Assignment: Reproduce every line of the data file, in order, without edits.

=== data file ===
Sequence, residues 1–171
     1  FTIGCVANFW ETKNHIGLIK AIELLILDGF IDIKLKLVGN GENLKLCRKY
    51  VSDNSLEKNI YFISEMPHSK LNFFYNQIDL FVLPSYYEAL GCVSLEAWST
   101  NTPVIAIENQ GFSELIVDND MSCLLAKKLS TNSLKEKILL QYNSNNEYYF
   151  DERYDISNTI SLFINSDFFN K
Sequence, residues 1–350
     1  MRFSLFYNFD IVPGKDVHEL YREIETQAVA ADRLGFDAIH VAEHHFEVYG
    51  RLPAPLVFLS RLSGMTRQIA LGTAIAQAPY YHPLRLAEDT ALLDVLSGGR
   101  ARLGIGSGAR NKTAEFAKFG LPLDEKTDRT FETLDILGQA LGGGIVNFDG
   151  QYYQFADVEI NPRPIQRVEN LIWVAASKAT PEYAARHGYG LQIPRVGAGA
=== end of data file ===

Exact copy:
Sequence, residues 1–171
     1  FTIGCVANFW ETKNHIGLIK AIELLILDGF IDIKLKLVGN GENLKLCRKY
    51  VSDNSLEKNI YFISEMPHSK LNFFYNQIDL FVLPSYYEAL GCVSLEAWST
   101  NTPVIAIENQ GFSELIVDND MSCLLAKKLS TNSLKEKILL QYNSNNEYYF
   151  DERYDISNTI SLFINSDFFN K
Sequence, residues 1–350
     1  MRFSLFYNFD IVPGKDVHEL YREIETQAVA ADRLGFDAIH VAEHHFEVYG
    51  RLPAPLVFLS RLSGMTRQIA LGTAIAQAPY YHPLRLAEDT ALLDVLSGGR
   101  ARLGIGSGAR NKTAEFAKFG LPLDEKTDRT FETLDILGQA LGGGIVNFDG
   151  QYYQFADVEI NPRPIQRVEN LIWVAASKAT PEYAARHGYG LQIPRVGAGA